VIENNA (Reuters) - The U.N. nuclear agency said it would hold a new round of talks with Iran on its atomic programme next month, in the latest push to resolve a dispute that has raised fears of war in the Middle East.
Friday's announcement was made days after the re-election of U.S. President Barack Obama, a development analysts say may create a fresh opportunity to press ahead with efforts to find a peaceful end to the decade-old crisis with Iran.
But time may not be on the side of diplomacy: Israel, assumed to be the volatile region's only nuclear-armed power, has often threatened military action if Tehran does not halt its nuclear activities. Iran has repeatedly ruled out doing that.
The United Nations' International Atomic Energy Agency (IAEA) said it hoped the talks in Tehran would produce an agreement that would allow it to resume a stalled investigation into possible military aspects of Iran's nuclear programme.
Iran denies Western allegations that it is trying to develop the capability to make nuclear weapons.
"The IAEA and Iran have agreed to hold further talks on 13 December in Tehran," agency spokeswoman Gill Tudor said.
"The aim is to conclude the structured approach to resolving outstanding issues related to Iran's nuclear programme," she said in response to a question.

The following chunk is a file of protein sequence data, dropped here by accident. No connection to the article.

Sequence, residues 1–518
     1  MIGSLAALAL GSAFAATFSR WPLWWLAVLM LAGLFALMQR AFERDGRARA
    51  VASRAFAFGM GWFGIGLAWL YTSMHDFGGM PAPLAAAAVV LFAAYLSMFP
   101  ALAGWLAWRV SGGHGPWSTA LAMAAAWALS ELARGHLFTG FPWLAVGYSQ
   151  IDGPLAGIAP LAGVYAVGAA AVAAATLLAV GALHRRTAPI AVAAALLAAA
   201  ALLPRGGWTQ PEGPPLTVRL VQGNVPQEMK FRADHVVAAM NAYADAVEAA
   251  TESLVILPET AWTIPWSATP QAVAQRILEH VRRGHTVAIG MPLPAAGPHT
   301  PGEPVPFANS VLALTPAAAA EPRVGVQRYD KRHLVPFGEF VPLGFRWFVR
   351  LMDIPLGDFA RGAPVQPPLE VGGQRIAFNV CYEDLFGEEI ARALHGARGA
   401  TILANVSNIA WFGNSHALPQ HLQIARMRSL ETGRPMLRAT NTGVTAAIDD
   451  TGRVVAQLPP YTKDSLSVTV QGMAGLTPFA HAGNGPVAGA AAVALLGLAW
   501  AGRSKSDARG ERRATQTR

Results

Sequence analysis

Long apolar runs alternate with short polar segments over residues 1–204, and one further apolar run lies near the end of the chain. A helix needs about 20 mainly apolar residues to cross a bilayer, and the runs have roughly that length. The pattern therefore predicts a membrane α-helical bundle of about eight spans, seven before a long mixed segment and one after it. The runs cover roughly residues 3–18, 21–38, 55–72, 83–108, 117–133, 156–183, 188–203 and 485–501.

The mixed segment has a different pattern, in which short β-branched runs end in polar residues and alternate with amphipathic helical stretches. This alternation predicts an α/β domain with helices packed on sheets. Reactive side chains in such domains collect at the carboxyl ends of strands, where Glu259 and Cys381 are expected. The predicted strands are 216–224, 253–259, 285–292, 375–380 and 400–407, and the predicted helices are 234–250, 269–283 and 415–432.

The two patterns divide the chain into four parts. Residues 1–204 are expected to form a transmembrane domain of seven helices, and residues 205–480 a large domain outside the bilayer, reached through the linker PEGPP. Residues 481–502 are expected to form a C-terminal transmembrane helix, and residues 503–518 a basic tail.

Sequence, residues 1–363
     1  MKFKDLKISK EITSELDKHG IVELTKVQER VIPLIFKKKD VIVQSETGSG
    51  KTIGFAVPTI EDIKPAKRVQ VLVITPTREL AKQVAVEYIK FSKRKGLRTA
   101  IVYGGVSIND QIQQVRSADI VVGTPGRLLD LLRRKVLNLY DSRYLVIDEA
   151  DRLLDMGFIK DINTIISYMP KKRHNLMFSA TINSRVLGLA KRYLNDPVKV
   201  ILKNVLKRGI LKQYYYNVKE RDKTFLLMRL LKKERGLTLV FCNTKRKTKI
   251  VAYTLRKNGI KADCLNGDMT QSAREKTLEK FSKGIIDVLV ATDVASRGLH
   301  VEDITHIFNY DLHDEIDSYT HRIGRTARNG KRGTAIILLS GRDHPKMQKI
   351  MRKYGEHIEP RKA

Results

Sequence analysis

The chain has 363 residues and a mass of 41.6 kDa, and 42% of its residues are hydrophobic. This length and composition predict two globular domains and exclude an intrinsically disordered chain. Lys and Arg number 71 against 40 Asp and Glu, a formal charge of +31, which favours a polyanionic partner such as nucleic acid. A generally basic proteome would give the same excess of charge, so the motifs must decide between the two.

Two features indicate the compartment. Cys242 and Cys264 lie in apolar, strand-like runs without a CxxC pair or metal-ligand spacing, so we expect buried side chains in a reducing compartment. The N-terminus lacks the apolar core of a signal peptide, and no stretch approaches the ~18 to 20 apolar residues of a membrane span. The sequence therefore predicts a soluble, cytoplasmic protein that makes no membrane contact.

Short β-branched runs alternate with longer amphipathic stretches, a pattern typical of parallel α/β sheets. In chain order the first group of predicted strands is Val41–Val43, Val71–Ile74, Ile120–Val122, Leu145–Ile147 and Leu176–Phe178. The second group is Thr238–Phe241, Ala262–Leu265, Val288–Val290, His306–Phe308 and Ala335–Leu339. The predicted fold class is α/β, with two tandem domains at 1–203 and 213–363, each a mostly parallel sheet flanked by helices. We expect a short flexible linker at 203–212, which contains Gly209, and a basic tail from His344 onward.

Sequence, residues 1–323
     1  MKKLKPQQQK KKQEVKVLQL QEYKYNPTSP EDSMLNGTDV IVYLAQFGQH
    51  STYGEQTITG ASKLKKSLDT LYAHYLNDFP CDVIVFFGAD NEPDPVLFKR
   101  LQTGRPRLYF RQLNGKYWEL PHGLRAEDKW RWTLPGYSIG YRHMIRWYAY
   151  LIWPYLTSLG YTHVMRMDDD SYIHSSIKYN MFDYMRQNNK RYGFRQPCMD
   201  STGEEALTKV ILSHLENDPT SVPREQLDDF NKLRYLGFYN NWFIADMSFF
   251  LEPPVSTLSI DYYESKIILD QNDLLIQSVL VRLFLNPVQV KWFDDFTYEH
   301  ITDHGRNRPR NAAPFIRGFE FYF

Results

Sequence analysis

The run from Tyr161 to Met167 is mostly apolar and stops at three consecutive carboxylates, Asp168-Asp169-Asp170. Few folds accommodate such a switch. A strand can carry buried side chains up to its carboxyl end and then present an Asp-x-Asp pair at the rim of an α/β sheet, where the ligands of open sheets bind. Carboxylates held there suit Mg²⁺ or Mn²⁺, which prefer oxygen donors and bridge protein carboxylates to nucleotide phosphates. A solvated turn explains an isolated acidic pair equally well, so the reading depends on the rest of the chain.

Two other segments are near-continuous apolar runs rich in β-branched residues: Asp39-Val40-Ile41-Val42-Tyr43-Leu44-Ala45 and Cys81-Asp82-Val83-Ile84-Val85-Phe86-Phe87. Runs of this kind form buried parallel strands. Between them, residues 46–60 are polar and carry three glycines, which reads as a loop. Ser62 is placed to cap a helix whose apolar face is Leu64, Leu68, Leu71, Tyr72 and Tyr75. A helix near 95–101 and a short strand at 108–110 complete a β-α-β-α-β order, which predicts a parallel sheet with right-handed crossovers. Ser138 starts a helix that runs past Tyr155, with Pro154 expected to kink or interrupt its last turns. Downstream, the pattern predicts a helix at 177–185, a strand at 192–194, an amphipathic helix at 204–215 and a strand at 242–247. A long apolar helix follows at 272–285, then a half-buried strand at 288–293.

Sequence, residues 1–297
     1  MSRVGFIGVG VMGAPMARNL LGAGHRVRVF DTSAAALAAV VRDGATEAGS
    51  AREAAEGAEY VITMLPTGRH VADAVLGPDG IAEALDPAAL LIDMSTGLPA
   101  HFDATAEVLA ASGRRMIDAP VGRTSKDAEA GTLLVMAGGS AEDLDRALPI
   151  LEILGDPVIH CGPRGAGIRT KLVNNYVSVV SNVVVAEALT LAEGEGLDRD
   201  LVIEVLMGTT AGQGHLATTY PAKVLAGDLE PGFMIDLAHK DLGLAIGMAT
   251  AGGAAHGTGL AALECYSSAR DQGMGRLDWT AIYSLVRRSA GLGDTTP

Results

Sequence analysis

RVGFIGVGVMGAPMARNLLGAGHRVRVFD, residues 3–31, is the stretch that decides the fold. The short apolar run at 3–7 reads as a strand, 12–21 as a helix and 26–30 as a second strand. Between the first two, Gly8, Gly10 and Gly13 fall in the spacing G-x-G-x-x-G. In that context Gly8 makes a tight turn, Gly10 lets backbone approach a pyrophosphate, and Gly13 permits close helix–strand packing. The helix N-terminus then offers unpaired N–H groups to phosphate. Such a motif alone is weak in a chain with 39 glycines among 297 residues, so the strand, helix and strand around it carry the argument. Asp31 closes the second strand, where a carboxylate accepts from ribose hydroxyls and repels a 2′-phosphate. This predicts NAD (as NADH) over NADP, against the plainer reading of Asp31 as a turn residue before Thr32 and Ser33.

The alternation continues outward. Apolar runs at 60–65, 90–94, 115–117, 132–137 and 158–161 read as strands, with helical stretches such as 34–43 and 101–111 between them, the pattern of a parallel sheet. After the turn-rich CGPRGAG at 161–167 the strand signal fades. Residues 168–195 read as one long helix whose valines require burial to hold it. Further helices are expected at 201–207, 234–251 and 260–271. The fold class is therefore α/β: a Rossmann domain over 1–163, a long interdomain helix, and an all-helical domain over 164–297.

The IAEA's talks with Iran are separate from Tehran's nuclear discussions with six world powers - the United States, Russia, China, Britain, France and Germany.
The last meeting between Iran and the IAEA, the Vienna-based organisation tasked with preventing the spread of nuclear arms in the world, took place in August but failed to make progress.
Diplomatic sources said the IAEA mission was expected to be headed by Deputy Director General Herman Nackaerts, the chief U.N. nuclear inspector.
Iran's ambassador to the IAEA, Ali Asghar Soltanieh, was not immediately available for comment.
Now assured of a second term, Obama, who has so far resisted calls in the United States and Israel for an attack on Iran, appears free to pursue a diplomatic settlement while threatening yet heavier sanctions if Tehran does not bend.
The United States and its allies want Iran to curb its uranium enrichment programme. Iran, one of the world's largest oil producers, say the West must first lift increasingly harsh sanctions imposed on the Islamic Republic.
(Editing by Andrew Heavens and Alistair Lyon)
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